Everywhere I went, everyone kept telling me that when I get to Alabama, I need to be sure to look up the Cheaha Trail Riders and be sure to meet with them. Little did all those people know that I knew their president so I already had them on my radar and had no intention of leaving the southeast without meeting with them. I did and I am glad for having done so. These guys have it going on. In fact, with the kind of enthusiasm they are working with to get trails on the ground, I can only describe them as a bright spot on the map.
I met with the current president of the organization, Glenn Myers, and their director of public relations, Danny Hubbard, for breakfast early Monday morning (Oct 1) in Oxford, AL. When you meet with these two guys, it doesn't take very long to figure out why everyone on the planet was telling me I needed to meet with them. To start with, how about an all volunteer organization with a director for public relations? Now that is organization.
I would likely hack the list of all the projects they have their hands in, but I would be wrong to not at least mention a few. For example, their involvement in the Top Trails park project. While they are quick to tell you this is the product of a lot of cooperation, they nonetheless are deeply involved. This park includes cooperation by two cities in Alabama, Lincoln and Talladega, has state Park Authority management led by a 5 person board. The ten year plan includes single track trails, atv trails, equestrian trails, and even some full size trails. They are going to have some sport shooting areas and even a zip line. Pretty impressive.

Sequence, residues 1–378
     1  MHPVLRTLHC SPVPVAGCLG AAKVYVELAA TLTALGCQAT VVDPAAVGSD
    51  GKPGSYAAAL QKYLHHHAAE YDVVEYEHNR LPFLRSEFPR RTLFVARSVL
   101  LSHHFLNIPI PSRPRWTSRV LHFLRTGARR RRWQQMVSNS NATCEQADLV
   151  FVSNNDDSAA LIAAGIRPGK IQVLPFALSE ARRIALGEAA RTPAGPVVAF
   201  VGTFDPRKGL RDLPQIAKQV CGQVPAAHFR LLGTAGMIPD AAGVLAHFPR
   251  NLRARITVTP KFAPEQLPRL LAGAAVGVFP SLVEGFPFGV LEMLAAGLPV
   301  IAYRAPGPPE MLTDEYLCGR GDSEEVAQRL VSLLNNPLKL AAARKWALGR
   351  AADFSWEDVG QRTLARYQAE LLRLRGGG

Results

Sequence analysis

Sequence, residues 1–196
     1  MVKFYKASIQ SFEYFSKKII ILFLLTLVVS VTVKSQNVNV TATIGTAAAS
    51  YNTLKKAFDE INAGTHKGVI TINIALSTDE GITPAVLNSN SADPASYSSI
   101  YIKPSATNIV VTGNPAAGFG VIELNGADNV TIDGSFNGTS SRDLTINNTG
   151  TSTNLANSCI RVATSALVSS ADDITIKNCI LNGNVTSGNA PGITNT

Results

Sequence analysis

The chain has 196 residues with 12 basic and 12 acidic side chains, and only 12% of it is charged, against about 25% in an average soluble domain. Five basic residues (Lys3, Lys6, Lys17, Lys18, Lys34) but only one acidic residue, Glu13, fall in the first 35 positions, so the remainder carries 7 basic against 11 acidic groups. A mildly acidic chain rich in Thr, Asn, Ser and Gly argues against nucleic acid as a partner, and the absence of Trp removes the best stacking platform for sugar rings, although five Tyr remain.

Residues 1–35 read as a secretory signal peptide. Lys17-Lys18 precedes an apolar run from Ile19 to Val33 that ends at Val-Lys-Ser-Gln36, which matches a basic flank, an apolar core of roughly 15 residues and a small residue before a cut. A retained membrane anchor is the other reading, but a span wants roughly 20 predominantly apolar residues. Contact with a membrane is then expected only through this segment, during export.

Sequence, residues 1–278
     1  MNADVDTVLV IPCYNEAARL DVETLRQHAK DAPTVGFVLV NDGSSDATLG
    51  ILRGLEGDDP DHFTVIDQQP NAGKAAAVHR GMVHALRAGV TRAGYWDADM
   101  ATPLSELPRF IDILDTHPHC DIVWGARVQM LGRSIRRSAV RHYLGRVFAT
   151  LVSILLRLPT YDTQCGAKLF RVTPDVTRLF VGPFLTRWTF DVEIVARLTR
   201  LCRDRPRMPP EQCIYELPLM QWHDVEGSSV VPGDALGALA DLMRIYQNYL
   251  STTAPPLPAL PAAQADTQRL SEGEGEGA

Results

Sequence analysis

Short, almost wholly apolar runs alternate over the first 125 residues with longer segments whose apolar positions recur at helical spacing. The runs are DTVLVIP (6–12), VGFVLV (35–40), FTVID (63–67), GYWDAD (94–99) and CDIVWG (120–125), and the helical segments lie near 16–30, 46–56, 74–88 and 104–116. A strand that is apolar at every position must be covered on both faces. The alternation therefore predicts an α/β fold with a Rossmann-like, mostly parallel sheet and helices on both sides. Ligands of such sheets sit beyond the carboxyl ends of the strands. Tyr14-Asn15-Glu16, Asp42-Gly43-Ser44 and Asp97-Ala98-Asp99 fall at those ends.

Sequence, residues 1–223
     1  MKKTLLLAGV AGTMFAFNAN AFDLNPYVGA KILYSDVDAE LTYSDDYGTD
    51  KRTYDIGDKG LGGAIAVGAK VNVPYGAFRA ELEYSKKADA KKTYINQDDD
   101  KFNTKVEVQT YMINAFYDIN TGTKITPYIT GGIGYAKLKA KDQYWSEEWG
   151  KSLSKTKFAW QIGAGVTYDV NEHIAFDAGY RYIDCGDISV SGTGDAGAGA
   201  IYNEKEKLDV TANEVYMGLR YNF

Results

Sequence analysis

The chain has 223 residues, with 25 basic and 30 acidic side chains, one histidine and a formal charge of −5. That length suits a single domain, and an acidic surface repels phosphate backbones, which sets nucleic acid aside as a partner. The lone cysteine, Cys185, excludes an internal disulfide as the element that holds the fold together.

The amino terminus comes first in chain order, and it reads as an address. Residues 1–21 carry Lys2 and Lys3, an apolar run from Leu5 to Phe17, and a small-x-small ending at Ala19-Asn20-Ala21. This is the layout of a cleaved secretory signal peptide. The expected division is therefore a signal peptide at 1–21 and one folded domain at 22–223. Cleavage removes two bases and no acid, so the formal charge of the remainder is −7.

Equally impressive is everything else they are working on including involvement in the Minooka Park in Alabama, efforts to assemble a comprehensive volunteer training program, partnering with the Arkansas Children's Hospital on a CD project, ongoing involvement with the Alabama Trail Conference, charities and more. You need to check them out at http://www.cheahatrailriders.com/
Still, with all the hope and enthusiasm, they did share some concerns that included: Ensuring retention of RTP funding as critical to success into the future, concerns with the FS requirements in their region that make it all but impossible to be a volunteer (in fact, all but delete OHV Volunteer Programs), and that generally in their region the FS doesn't show OHV Trails on their website in most areas. Almost all efforts for trails are now in private or local park settings.
They also shared in some common concerns that I have heard all along the way such as: dealing with the bad rap that some riders and bad spin from extremists have brought on us all, the need to get more people involved in organized recreation, and needing more volunteer resource. They also shared the desire to see a more cooperative effort across the recreating community as key to success.
They are to me a shining example of what can get done in the face of adversity. I can't say enough about their enthusiasm as an organization. It is infectious.